A ‘sweet-natured’ dog who was so starving he ate glass, batteries and coins, is looking for a forever home.Eric, a bull breed cross, was described as the ‘thinnest dog ever seen alive’ by the RSPCA inspector who rescued him from the yard of an empty home in March, this year. Inspector Nina Small rushed the dying dog, who was covered in urine, from the home in Accrington, Lancashire, to the vet where he collapsed. But five months later little Eric – who has been renamed as Walter – now weighs a healthy 20kg after making a ‘remarkable recovery’.
A spokesperson from RSPCA Lancashire East, who have been caring for Walter, said: ‘He was at death’s door but now he is the picture of health.
‘He’s been in foster care and has made a remarkable recovery thanks to the care and dedication of his family. Now, he is ready for a forever home of his own’.Nina said: ‘He’s the thinnest dog I’ve ever seen alive. All of the bones in his body were visible, he was covered in urine and his nails were overgrown.
Possibly the best use of old jeans ever: a lap pillow.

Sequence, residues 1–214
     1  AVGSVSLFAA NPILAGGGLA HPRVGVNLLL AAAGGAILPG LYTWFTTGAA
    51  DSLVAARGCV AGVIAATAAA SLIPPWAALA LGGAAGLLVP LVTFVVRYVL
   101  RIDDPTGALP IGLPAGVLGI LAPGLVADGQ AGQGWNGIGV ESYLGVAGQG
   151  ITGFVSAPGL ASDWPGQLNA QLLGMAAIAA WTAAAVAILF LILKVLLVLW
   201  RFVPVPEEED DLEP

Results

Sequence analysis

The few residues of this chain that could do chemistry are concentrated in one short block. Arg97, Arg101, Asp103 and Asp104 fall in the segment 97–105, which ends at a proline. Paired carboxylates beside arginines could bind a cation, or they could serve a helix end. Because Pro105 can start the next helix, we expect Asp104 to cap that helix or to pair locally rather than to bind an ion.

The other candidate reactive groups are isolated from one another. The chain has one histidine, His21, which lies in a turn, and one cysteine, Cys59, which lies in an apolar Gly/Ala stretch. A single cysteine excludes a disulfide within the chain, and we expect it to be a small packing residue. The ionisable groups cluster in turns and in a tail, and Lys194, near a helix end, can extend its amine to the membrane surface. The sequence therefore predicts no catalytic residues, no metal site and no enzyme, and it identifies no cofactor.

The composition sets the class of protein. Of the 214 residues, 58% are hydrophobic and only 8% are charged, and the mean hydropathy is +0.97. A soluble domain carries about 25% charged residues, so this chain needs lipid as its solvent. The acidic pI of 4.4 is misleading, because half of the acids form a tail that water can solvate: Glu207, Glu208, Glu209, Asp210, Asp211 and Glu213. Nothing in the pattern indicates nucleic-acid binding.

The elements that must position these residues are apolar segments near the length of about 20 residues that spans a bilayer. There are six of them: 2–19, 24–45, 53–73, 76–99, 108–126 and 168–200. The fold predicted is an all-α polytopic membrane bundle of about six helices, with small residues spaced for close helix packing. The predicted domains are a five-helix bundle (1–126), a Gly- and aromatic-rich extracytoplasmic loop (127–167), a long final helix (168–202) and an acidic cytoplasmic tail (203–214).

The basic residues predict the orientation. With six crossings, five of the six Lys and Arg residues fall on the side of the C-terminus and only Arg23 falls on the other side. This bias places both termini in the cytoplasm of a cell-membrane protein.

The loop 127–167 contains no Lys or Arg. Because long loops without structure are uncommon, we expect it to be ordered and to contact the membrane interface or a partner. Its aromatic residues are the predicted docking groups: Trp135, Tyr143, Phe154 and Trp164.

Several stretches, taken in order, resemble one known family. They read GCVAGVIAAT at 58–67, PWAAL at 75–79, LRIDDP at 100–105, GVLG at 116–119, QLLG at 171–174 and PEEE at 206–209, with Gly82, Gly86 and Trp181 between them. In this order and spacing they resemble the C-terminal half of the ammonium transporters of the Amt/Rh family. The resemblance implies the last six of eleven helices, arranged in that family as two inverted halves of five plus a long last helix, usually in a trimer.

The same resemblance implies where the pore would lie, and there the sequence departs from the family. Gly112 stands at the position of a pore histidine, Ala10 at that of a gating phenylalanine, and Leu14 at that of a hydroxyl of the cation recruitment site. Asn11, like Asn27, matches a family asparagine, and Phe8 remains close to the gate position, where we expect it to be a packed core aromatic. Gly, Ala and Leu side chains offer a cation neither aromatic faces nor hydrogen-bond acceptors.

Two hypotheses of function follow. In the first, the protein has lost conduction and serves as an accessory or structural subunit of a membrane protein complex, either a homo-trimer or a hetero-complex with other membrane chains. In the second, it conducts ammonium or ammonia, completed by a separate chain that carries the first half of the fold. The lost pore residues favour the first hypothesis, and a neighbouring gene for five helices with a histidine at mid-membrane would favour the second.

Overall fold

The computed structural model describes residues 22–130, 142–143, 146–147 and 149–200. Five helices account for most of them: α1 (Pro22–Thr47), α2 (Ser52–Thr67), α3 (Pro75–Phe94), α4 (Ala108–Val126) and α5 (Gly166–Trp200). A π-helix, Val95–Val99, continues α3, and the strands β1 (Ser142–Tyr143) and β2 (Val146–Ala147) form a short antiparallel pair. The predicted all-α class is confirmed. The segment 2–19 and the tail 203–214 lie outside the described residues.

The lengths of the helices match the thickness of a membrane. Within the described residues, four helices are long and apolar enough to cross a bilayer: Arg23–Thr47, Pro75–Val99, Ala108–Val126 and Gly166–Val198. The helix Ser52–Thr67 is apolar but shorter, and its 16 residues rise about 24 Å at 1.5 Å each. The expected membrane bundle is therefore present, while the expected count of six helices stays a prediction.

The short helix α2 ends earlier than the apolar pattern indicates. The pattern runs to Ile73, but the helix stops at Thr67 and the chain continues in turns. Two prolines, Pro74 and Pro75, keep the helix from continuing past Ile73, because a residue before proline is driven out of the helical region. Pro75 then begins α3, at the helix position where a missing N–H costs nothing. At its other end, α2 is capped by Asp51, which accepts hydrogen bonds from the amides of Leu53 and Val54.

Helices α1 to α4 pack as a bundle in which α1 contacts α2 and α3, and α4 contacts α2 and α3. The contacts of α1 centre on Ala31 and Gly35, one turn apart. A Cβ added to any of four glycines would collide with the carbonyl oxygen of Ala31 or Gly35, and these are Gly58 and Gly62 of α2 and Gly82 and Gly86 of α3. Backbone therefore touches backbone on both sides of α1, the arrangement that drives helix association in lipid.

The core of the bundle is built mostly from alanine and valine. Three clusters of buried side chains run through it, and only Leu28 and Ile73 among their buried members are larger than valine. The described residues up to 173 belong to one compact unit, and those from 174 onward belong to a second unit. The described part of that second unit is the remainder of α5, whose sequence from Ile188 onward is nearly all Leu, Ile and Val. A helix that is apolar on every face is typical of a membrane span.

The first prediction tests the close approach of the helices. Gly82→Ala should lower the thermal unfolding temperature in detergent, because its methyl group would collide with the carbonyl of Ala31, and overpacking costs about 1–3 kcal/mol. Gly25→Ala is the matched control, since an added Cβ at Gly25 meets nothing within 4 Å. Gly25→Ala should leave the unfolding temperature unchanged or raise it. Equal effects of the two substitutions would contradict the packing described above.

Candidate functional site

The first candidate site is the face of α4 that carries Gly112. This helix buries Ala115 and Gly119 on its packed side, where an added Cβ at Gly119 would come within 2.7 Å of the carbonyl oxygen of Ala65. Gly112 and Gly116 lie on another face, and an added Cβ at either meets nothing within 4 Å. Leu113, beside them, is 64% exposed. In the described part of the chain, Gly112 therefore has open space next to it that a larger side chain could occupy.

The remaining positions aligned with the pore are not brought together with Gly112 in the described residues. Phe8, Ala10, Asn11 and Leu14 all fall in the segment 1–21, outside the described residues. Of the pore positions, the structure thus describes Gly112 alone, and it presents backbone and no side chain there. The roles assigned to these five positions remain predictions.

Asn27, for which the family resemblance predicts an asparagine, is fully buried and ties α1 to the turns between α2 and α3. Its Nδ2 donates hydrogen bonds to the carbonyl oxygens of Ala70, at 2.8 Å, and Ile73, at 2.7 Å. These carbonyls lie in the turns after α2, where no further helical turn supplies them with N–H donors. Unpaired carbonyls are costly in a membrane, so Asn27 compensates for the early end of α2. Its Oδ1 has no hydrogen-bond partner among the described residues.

‘His faeces had pieces of glass and metal as big as a 50 pence piece in it, and bits of batteries.‘I believe poor Walter had been confined somewhere out of sight, eating whatever he’s been able to get in his mouth – perhaps a garage or a shed.
‘We’re still investigating this case but are thrilled that he’s now back to a healthy weight and full strength so that we can find him a wonderful new home.’
Nina said Walter was a sweet-natured, friendly boy who loved life, people and food.
Walter is excitable and playful around other dogs and would benefit from further socialisation to build his confidence and help him learn some manners, said the RSPCA.
He’s also bouncy so he would be best suited to in an adult-only home or a family with older children.
Nina added: ‘He has a wonderful, energetic personality and lots of character. He loves taking long naps cuddled up next to you and is happy living in a home with cats and another dog.’
A spokesperson for the RSPCA said: ‘Walter has had a really bad start in life and would benefit from an experienced owner who can help with his training and give him a safe, home with a steady routine.’
Chase that tail! Dogs chase their tails for a variety of reasons: curiosity, exercise, anxiety, predatory instinct or, they might have fleas! If your dog is chasing his tail excessively, talk with your vet.
Walter is fully house trained and travels well in the car. He is happy being left for short periods of time and walks well on a lead with lots of encouragement.
Anyone interested in offering Walter a new home should contact the branch by calling 01254 231118.